BOSTON -- A gas industry official told regulators Thursday that proposed rules requiring a professional engineer's approval of certain projects may be unnecessary because gas companies already follow heightened standards.
State regulators are hammering out rules that mandate an engineer's stamp on plans for "complex" projects that could pose a risk to public safety. The new rules stem from a 2018 law passed in response to the Merrimack Valley gas disaster.
The state Department of Public Utilities, which is drafting the rules, held an online hearing Thursday where an industry representative said utilities have since adopted guidelines, known as Pipeline Safety Management Systems, that make the new regulations unneeded.
Jose Costa, vice president of operations service at the Northeast Gas Association, said those guidelines include an engineering requirement that "provides another layer of protection that was not in place prior to 2018."
"Some of the proposed prescriptive requirements in this rule-making are already being addressed through other methods and programs," he told the panel.
Utilities, including National Grid and Eversource, have complained that the proposed regulations will be too costly, and that they are unnecessary.
Utilities have lobbied to limit the kinds of projects that must get an engineer's sign-off, and submitted a litany of proposed changes to the rules ahead of Thursday's hearing.
Brendan Vaughn, an attorney representing the utilities, made no mention of those requests Thursday but told regulators his clients "look forward to working with them."
Meanwhile, an engineering group cautioned against excluding certain types of gas projects from review.
"While there may be instances in which a licensed engineer is not needed, I urge caution in defining those instances too broadly," Anthony Morreale, president of the Massachusetts Society of Professional Engineers, wrote to regulators.
Gas industry officials have also raised concerns about a shortage of engineers who specialize in utility work, warning that delays could result.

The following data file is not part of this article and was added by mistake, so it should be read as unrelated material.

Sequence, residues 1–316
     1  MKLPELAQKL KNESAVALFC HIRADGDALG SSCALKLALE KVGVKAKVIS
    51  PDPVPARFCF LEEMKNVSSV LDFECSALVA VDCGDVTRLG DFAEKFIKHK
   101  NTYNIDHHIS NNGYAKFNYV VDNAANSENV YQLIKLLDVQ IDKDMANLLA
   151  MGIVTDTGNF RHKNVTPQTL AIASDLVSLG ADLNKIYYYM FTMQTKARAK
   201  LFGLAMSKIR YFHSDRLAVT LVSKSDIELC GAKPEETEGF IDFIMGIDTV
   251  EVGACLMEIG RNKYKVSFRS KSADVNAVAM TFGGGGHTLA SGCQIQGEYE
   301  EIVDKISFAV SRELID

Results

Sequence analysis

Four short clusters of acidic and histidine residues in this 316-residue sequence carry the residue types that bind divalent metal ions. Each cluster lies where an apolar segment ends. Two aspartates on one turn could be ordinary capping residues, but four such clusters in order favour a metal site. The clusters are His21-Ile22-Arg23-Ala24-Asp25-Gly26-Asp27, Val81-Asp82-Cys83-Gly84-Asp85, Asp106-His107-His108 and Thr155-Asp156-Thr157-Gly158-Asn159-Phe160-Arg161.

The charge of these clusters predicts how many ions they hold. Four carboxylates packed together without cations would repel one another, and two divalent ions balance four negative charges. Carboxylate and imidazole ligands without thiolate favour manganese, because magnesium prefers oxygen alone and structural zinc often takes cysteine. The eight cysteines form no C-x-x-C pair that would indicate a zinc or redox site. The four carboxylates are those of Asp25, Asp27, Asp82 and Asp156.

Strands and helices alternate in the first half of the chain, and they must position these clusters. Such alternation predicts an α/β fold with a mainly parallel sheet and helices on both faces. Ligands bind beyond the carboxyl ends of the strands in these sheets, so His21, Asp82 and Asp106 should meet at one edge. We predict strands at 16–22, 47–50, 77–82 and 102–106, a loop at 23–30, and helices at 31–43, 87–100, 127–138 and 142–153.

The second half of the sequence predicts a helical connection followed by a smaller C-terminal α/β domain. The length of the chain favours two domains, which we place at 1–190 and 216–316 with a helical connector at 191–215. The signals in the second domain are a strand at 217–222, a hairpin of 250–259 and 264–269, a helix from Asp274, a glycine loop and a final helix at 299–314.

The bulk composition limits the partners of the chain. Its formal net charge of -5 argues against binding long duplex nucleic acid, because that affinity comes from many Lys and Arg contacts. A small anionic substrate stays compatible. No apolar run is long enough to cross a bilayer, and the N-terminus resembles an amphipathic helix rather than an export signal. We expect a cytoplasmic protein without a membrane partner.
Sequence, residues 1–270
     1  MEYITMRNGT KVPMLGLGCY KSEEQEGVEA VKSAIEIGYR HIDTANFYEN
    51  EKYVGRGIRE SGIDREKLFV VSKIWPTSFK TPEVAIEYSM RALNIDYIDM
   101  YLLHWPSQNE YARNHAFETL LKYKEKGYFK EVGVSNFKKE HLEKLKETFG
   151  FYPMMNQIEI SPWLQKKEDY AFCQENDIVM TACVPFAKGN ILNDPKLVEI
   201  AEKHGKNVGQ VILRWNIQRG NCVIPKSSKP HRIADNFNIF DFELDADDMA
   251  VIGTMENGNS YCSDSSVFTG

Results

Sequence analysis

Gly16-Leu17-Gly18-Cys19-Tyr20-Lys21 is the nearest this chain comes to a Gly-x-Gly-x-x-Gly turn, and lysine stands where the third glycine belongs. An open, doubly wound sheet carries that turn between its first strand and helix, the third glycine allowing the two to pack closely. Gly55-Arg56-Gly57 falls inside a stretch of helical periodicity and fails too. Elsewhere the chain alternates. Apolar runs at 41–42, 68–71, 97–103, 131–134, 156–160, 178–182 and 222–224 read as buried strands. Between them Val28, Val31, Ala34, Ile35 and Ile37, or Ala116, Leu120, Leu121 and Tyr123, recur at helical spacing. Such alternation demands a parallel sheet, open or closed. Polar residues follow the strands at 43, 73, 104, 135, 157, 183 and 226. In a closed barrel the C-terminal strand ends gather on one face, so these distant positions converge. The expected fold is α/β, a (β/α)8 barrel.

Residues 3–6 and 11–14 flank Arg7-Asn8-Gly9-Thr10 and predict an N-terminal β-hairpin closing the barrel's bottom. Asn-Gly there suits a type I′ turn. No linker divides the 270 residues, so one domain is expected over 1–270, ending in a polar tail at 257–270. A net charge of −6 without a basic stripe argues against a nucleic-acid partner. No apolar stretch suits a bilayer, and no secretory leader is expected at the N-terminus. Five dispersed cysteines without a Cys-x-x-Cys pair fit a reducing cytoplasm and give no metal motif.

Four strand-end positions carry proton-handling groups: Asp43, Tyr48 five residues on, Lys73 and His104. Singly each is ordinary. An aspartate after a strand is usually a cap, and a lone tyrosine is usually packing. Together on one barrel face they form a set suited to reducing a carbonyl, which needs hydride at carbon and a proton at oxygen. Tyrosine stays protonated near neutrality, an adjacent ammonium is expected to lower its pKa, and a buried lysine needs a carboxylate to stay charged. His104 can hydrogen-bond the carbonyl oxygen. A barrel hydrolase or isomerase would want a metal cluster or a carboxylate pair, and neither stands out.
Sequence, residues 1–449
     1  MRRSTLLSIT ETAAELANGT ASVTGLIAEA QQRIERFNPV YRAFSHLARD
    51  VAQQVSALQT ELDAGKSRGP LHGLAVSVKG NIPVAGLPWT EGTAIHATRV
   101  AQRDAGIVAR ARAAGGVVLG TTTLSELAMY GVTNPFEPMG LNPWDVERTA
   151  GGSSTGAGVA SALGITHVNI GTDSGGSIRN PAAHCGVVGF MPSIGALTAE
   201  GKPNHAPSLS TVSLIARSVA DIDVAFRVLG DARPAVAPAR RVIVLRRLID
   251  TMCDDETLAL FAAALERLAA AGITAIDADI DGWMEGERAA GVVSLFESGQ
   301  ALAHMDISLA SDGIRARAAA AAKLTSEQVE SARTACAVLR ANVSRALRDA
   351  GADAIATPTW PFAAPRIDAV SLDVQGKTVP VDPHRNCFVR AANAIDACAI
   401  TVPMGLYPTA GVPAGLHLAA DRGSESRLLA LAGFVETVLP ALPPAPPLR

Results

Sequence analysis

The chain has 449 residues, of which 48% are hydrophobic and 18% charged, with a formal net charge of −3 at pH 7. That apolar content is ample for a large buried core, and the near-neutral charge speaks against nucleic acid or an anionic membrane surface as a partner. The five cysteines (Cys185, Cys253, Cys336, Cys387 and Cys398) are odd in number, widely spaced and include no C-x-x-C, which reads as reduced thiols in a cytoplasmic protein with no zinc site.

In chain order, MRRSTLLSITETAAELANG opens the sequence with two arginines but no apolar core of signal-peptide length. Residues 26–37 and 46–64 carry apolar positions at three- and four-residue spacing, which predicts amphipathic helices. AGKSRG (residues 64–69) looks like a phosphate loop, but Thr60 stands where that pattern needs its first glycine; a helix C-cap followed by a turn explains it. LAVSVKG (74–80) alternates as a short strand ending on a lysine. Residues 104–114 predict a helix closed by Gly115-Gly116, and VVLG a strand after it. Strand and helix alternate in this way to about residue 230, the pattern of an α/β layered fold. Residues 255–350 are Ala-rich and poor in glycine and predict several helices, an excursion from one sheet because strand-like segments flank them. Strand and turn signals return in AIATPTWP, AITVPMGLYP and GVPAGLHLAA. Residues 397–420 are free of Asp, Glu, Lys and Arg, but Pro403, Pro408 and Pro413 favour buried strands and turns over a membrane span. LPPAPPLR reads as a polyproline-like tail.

But Morreale noted more than 15,000 licensed professional engineers are working in Massachusetts.
"I respectfully suggest that decisions about public safety should not be made based on the purported availability or not of personnel, but rather that companies tasked with upholding public safety adjust recruitment and hiring practices to ensure they are appropriately staffed," Morreale wrote in an April 1 letter.
The proposed rules contain a provision allowing utilities to ask for a waiver. The attorney general's office has requested that any waiver requests be made available to the public, similar to waivers on major gas pipeline projects.
Federal regulators say the Sept. 13, 2018 gas disaster was preceded by a series of glaring mistakes by Columbia Gas of Massachusetts in the years preceding the incident. Those included shoddy record keeping.
A National Transportation Safety Board report concluded the company had a "weak engineering management" system, information about safety sensors was missing from construction plans, and company officials scrambled to find shut-off valves as more than 130 fires and explosions ripped through the region.
The safety board was highly critical of Columbia Gas, suggesting the tragedy could have been avoided with better safety systems in place.
At the time of the disaster, Massachusetts was one of 30 states that exempted utilities from having licensed engineers review plans for construction work.
Christian M. Wade covers the Massachusetts Statehouse for North of Boston Media Group’s newspapers and websites. Email him at firstname.lastname@example.org